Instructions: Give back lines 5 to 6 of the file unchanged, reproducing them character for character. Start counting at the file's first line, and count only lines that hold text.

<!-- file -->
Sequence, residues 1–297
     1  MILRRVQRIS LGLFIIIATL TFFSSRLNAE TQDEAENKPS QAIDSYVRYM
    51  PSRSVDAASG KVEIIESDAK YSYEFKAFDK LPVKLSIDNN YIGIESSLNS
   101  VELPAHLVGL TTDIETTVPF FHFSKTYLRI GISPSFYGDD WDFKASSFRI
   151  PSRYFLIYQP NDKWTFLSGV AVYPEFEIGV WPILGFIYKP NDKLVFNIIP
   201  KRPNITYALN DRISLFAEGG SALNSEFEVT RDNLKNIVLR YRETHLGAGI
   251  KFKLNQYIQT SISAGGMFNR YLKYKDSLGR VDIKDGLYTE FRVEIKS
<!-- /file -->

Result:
   151  PSRYFLIYQP NDKWTFLSGV AVYPEFEIGV WPILGFIYKP NDKLVFNIIP
   201  KRPNITYALN DRISLFAEGG SALNSEFEVT RDNLKNIVLR YRETHLGAGI